The calibrated model was used to simulate present and future scenarios of urbanization, and determine best-management practices (BMPs). The past (P) and present (BS) urbanization scenarios were represented through land use maps generated in ArcGIS, which indicated a substantial shift in the period from 2001 to 2015 from grassland to urban lands of low residential, institutional, and commercial lands (Figure 2). For the future urbanization scenario (FS0), the urban land budget will not change significantly according to the ‘The 30 year Plan for Greater Adelaide’ report, even though the urban population density is expected to triple [46]. Therefore, we maintained the relative percentage of land uses from 2015 (Figure 2), and reclassified the land use from low residential to high residential. The change in residential land use was reflected by an increase in the fraction of total impervious areas (FIMP) from 0.12 to 0.6, the amount of solids allowed to build up on impervious area (DIRTMX) from 125 to 225 kg/curb km, TN concentration in suspended solid loads from impervious area (TNCONC) from 360 to 550 mg N/kg sediment, and TP concentration in suspended solid loads from impervious area (TPCONC) from 96 to 223 mg P/kg sediment [15]. Values of parameters for the high-residential land use were extracted from the default database, while data for the low-residential land use were manually calibrated prior the auto-calibration step [47]. Meteorological input data were kept unchanged for all urbanization scenarios.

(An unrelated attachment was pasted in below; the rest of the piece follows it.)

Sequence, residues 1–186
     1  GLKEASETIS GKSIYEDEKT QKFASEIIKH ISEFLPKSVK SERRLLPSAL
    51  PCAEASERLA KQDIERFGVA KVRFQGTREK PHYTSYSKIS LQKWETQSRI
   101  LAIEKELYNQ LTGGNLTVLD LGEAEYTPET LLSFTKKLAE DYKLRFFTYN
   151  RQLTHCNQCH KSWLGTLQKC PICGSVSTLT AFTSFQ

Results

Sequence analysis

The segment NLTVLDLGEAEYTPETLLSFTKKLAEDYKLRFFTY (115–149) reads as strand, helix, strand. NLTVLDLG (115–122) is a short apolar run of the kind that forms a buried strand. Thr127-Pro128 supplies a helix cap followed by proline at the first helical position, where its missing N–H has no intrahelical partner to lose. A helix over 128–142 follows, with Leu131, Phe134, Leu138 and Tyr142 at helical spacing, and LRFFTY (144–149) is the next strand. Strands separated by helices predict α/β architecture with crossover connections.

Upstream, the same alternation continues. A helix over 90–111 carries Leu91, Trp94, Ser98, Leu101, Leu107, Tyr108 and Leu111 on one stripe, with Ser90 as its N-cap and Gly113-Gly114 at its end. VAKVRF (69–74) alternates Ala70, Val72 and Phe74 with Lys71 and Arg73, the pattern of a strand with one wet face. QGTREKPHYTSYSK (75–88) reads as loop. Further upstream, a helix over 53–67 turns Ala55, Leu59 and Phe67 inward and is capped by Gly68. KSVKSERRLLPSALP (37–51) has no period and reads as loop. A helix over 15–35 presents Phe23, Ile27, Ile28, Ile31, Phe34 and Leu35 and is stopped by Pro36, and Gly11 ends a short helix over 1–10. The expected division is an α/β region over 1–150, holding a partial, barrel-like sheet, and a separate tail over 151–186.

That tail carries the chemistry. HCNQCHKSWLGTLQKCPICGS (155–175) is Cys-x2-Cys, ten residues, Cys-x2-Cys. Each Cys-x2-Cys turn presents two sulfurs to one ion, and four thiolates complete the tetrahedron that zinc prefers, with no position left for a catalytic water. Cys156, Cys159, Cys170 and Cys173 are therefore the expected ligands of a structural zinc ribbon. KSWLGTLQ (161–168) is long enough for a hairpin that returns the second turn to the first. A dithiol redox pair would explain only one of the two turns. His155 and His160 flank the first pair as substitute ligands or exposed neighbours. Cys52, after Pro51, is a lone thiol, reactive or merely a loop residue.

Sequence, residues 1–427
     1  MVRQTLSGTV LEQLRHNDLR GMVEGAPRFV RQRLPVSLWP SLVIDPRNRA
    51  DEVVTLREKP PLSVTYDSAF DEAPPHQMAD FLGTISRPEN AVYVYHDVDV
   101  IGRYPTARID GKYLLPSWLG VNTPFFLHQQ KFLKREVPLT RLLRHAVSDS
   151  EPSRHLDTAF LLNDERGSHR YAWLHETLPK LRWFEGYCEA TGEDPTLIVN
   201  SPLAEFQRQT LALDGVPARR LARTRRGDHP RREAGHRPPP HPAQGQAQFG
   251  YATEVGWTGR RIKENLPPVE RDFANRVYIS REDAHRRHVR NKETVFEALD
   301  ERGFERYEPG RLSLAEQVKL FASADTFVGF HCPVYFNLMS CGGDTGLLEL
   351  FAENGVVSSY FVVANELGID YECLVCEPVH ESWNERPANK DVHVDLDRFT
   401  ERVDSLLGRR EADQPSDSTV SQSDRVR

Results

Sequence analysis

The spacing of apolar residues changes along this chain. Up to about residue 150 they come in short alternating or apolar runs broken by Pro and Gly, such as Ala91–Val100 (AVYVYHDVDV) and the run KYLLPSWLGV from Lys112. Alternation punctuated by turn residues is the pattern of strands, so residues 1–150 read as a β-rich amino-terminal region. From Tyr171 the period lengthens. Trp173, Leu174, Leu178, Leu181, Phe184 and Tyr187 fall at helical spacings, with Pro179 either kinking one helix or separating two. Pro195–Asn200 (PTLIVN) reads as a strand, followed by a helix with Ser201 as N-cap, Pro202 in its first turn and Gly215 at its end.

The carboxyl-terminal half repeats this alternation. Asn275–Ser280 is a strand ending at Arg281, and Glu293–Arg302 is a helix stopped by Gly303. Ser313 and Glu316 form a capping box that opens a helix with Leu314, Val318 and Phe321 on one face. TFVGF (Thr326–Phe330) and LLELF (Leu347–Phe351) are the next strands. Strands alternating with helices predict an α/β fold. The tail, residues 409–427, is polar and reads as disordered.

In order to determine potential BMPs for mediating water deterioration issues by urbanization, the following scenarios were designed:
  • Scenario ‘Stream bank stabilization’ (S1) was set up by increasing vegetative cover (CH_COV2) and Manning’s stream roughness coefficient (CH_N2), and reducing the stream erosion (CH_EROD) values by 50% [48,49,50].
  • Scenario ‘Buffer strip application’ (S2) was set up by extending the 30-m width of the filter strip of alfa grass along the main river using the FILTERW parameter in SWAT ‘.mgt’ input file [51].
  • Scenario ‘Wetland development’ (S3) was represented by a wetland with a maximum surface of 3445 m2 and volume of 3700 m3 in the ‘.pnd’ input file, as suggested by Kasan [52]. The nitrogen and phosphorous settling rates were set to 20 m/year using the maximum default value in the ‘.pnd’ input file for systems with high removal efficiency [38]. The bottom hydraulic conductivity was set at 2.3 mm/h [53], and sediment concentration in the wetland was defined at 10 mg/L. The same parameter values were applied to all wetland scenarios of this study.
  • Combined scenario (Sm) which simulated together the three aforementioned scenarios.
Results for the past and future urbanization scenarios (P and FS) were compared with results of the present urbanization scenario BS. Results of the scenarios S1, S2 and S3 were compared with the scenario FS0. The statistical significance of scenarios of urbanization and BMPs were evaluated by means of a paired Wilcoxon test using an R tool according to the criteria ρ < 0.05.

3. Results

3.1. Model Sensitivity